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The Jobs Deficit

Posted by: Michael Mandel on October 18

I will be speaking Tuesday in DC. The conference? The Jobs Deficit: The Challenge of Putting America Back to Work, put on by the New America Foundation. I’m going to focus on the role of innovation in generating jobs.

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Reader Comments


October 18, 2009 01:28 PM

One hidden aspect of the jobs deficit is American Corporate greed, by companies like IBM, who are outsourcing advanced professional positions to cheap labor markets masked as resource balancing (i.e. globalization). The IBM corporate machine may have the clout to keep media distanced from this disgustingly un-American practice, but how long will it be until IBM wraps its dirty secret for raping American workers with a big blue bow, and sells it to its fortune 500 client base?

If a company like IBM can get away with firing American workers (and forcing them to train Indian replacements under duress) - what is the future of American jobs - I give it ten years. For those who are still employed, and tricked into thinking your job is secure, you aint seen nothin' yet.

Open your eyes America; this includes you, President Obama.

Get ready, it’s coming.


October 18, 2009 04:01 PM

I am an IT consultant I was in two meetings in the same day where they were telling the IT and back office staff that they need to outsource. Companies in the Insurance and Pharma industry that are making huge dollars for their services and products from the US consumers, then ship jobs overseas while getting huge tax credits.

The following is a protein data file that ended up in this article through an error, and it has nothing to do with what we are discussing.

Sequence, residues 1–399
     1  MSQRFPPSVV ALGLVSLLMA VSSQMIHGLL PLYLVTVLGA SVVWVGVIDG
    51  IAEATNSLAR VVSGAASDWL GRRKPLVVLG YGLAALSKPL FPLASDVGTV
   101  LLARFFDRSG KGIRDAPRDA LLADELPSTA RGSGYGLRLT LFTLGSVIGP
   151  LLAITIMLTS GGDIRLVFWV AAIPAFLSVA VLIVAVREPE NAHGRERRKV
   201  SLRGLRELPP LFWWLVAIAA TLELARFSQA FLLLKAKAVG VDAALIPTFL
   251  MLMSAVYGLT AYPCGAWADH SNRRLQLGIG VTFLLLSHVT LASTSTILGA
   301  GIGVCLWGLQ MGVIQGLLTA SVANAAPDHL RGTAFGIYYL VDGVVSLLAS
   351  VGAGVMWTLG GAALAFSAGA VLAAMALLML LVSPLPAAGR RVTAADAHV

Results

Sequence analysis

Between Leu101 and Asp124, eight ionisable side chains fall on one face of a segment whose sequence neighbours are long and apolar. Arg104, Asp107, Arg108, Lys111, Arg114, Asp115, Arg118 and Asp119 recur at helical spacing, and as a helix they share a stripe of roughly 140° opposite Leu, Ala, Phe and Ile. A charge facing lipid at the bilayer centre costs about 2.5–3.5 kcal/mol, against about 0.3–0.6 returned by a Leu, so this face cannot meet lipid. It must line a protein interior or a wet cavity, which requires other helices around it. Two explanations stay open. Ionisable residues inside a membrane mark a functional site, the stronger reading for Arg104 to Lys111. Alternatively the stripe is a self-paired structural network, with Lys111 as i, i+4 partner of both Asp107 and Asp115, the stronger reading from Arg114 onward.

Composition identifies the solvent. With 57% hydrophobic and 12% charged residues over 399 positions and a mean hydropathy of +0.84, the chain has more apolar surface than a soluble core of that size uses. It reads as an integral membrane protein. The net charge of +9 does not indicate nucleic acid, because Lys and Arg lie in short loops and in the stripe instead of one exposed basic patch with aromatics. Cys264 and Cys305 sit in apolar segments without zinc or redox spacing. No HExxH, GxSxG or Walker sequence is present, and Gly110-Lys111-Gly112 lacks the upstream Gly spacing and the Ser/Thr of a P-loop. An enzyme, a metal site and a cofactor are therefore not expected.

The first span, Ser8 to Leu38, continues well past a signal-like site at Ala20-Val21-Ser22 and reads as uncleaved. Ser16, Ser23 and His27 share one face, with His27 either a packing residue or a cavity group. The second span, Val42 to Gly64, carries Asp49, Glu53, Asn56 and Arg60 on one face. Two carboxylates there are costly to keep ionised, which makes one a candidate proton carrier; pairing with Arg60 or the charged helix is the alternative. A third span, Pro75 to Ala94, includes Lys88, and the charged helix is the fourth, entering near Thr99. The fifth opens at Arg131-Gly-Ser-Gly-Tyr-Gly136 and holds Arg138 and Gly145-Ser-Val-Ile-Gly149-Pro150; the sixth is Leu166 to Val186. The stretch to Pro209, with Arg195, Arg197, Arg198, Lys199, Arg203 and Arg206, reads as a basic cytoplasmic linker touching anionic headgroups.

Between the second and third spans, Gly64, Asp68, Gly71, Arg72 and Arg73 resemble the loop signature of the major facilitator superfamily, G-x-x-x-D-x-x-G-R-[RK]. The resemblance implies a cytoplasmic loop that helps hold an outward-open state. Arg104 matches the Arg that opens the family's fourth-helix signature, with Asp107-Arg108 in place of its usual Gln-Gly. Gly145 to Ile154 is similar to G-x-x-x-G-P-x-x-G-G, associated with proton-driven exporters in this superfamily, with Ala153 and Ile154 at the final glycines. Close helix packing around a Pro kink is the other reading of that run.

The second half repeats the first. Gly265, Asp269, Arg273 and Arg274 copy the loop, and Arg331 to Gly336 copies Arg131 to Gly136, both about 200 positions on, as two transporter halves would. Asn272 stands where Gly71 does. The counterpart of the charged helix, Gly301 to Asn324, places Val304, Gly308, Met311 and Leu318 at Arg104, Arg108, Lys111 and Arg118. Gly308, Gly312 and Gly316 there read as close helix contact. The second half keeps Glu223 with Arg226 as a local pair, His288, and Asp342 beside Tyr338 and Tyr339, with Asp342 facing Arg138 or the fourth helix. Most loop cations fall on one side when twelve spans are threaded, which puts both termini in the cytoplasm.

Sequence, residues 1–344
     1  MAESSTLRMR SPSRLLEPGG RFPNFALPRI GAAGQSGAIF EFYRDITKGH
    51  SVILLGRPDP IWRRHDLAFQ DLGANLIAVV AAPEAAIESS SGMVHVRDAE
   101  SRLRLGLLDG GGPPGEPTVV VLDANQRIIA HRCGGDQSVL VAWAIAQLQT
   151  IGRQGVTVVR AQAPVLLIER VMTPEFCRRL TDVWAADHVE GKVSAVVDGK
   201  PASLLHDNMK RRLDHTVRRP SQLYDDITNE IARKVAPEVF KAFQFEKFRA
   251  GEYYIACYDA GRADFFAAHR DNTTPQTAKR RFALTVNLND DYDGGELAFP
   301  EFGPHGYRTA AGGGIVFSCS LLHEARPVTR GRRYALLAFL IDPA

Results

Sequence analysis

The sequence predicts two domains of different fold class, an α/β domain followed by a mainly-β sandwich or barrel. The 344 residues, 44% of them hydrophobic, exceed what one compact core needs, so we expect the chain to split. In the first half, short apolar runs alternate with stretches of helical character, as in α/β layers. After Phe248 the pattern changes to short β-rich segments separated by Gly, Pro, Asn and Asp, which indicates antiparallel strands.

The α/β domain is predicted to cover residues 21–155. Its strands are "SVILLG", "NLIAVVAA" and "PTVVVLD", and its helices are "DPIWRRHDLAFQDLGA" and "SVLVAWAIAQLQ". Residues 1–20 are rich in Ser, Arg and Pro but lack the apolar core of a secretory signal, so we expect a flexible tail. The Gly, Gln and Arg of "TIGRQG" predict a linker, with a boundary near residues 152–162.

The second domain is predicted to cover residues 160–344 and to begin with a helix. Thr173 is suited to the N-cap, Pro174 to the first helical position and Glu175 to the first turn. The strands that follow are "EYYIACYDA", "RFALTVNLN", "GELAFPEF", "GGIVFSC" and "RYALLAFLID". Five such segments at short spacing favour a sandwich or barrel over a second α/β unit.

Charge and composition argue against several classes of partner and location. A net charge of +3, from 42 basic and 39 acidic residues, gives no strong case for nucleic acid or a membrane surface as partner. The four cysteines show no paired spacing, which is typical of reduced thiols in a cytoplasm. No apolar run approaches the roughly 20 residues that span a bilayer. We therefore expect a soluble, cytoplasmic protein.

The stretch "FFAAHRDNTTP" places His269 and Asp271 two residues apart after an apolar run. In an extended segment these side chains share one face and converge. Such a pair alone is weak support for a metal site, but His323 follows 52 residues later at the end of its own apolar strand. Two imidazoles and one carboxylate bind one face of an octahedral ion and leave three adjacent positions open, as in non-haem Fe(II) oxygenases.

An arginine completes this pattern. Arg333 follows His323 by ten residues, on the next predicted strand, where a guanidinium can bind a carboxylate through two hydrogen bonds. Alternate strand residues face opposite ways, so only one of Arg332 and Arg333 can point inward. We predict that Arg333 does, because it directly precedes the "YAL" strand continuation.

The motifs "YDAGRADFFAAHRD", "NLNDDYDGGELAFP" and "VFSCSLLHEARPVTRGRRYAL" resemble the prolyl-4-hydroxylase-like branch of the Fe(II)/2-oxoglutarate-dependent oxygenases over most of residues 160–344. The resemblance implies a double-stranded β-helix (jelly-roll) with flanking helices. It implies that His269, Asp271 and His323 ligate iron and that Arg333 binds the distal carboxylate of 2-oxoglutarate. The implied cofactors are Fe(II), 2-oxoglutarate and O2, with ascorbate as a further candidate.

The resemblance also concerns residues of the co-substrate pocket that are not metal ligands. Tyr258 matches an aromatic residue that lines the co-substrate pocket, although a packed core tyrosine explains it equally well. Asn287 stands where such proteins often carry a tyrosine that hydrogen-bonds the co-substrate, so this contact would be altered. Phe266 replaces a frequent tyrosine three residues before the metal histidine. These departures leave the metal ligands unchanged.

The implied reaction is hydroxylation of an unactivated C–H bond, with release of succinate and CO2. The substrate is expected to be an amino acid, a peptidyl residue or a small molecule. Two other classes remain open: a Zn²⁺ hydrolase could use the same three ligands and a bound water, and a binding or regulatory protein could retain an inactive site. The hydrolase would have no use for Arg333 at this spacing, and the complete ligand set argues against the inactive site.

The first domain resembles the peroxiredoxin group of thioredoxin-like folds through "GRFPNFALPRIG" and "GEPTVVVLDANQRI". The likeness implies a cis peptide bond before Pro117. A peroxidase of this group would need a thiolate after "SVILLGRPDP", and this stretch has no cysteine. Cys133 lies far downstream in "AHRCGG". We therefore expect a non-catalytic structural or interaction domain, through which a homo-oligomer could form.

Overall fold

The system is set up to charge Americans overly expensive amounts and then take their jobs away. We are all chumps. They are being enabled by people who cry "free markets" but are really using crony capitalism to protect the interests of the rich and powerful.

Ivan Kitov

October 18, 2009 04:16 PM

The secular movements in labor force participation rate are not prone to the influence of any modern technology. They are driven only by the change rate of GDP per capita:

Unfortunately for the USA, the participation rate has been on a downward branch since 2001. Therefore, if innovations will create some extra jobs, other sectors will lose them and some more.


October 18, 2009 06:23 PM